If you are buying a business, there are a few things that are critically important if you have any hope of successfully getting to the closing table. Here are our top 7:
Don’t Be Greedy
Many buyers come to the market looking to buy a business for pennies on the dollar. This is both unrealistic and unfair to the business seller. You should expect to pay a fair price for a business, as that business wouldn’t be around for your to buy if the seller hadn’t worked hard to build it.
Know Why You Are Buying
Buying a business only because you want to be your own boss is a mistake. Entrepreneurship takes hard work, long hours and a great deal of responsibility. Take some time before trying to buy a business to decide if this really is the life for you.
Be Ready To Provide Background Info On Yourself
Many buyers come to the business market expecting sellers to disclose highly confidential business information like tax returns and financial statements but then refuse to provide any information on themselves. You will have to provide sellers with a financial statement and a resume, so be ready.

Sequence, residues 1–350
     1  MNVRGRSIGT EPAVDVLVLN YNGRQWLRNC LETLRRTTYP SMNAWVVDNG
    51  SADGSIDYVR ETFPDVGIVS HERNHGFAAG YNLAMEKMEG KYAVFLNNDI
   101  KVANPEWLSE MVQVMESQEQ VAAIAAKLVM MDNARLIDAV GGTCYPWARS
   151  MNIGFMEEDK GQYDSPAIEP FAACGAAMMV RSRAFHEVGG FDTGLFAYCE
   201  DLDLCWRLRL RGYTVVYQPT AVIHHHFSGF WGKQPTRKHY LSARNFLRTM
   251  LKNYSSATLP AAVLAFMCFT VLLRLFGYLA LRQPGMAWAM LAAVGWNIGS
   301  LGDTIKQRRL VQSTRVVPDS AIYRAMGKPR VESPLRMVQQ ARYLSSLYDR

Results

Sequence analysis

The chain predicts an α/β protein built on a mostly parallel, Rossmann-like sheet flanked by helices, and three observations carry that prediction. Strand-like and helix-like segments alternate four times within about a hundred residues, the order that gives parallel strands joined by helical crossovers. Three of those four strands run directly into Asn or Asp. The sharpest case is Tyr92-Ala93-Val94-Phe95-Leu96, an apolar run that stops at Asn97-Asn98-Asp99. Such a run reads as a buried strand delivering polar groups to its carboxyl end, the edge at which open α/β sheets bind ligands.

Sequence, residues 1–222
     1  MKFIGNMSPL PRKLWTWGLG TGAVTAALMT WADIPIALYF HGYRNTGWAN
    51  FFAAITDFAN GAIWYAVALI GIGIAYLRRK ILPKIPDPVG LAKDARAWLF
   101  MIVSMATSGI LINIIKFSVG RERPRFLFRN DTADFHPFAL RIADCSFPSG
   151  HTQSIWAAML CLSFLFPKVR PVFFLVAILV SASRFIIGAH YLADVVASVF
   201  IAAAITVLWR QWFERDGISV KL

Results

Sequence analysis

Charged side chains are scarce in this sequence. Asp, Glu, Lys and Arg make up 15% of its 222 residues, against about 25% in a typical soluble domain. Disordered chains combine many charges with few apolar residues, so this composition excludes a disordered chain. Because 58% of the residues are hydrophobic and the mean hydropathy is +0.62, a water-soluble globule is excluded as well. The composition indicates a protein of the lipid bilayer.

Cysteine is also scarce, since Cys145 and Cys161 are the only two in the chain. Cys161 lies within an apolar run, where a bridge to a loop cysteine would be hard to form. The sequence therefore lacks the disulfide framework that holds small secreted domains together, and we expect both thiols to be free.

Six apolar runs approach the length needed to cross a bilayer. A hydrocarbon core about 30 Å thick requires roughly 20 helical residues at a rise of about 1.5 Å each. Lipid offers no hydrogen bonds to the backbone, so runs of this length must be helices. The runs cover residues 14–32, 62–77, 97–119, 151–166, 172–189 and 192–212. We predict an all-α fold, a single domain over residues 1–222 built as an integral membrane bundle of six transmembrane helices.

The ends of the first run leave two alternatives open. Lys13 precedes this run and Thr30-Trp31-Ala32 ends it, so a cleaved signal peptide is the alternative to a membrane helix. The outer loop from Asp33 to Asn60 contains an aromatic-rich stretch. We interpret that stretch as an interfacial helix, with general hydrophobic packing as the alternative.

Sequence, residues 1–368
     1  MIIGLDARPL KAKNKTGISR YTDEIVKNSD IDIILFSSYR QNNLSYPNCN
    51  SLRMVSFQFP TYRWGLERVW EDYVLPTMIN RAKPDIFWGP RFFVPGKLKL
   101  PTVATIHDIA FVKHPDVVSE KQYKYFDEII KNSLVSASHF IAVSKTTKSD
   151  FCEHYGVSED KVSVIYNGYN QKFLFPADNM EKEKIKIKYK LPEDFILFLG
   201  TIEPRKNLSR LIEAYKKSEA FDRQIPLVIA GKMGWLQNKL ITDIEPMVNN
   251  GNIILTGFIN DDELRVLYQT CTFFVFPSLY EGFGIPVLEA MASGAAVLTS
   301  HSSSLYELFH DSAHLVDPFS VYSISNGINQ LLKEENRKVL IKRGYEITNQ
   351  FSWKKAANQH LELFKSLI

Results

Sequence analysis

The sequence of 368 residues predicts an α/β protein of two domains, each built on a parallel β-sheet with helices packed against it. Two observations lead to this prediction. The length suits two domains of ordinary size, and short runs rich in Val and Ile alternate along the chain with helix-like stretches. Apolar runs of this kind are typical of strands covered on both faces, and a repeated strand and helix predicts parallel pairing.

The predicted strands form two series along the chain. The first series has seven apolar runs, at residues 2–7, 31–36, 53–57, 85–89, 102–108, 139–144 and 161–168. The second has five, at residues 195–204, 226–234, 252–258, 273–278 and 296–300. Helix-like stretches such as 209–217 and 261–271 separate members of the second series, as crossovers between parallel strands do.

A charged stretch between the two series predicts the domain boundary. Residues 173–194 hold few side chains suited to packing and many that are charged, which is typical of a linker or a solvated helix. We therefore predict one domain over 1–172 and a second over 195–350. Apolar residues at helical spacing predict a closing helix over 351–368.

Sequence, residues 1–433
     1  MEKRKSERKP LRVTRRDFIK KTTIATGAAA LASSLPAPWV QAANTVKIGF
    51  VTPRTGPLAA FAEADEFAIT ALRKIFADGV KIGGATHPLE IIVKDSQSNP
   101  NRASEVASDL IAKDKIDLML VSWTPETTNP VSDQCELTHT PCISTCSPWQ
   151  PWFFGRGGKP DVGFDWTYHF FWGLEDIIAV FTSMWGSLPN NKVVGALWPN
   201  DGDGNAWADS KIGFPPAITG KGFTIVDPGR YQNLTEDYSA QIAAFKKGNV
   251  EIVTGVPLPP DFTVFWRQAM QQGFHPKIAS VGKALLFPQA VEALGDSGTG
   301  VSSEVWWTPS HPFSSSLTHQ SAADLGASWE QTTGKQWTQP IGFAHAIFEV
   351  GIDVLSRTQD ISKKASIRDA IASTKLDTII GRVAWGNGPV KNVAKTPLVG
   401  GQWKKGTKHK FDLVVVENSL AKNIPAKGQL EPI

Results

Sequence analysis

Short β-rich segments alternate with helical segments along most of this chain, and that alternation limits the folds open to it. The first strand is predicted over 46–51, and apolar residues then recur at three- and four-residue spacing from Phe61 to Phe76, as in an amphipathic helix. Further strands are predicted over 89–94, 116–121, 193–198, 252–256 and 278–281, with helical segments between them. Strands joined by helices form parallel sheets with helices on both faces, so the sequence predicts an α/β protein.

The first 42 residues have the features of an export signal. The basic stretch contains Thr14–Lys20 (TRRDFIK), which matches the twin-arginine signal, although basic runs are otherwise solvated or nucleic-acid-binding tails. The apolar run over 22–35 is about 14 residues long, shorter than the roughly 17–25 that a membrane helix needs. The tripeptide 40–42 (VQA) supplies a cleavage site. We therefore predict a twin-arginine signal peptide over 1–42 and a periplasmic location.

Realize The Perfect Business Does Not Exist
Yes, that’s right. Buyers who are looking for a perfect business will never find one. Look at businesses with an open mind. Most issues you find in small businesses can be overcome with some creativity and hard work by a new owner.
Offer A Decent Down Payment
Offering $10,000 as a down payment on a $750,000 business is insulting to a seller. It also shows a complete and total lack of commitment on your part to the negotiations and potential sale.
Don’t Take Forever
Once you enter into the due diligence phase, you take the business off the market for other buyers who might be interested. It is completely unfair to the seller for you to drag your feet during this phase. If you are serious about buying the business you will complete your due diligence and move forward with closing in a timely fashion.
Be Nice To The Landlord
Landlords typically have nothing to gain by being helpful or cooperative, and landlords are also famous for both holding up and killing deals because they didn’t like a buyer. Always show up on time to meetings with your future landlord, be nice (even if they aren’t) and come prepared to prove you can be successful as the business owner by bringing your financial statement and resume.
Business transactions have a lot of moving parts, so if you want to be successful in your decision to buy a business you will have to be prepared to put in the effort and cooperation during the sale process.
Do you have questions about the requirements of a buyer during the transaction process? Would you like to know what kinds of financial information you will be required to provide? Feel free to leave a comment or question here and we would be happy to help.
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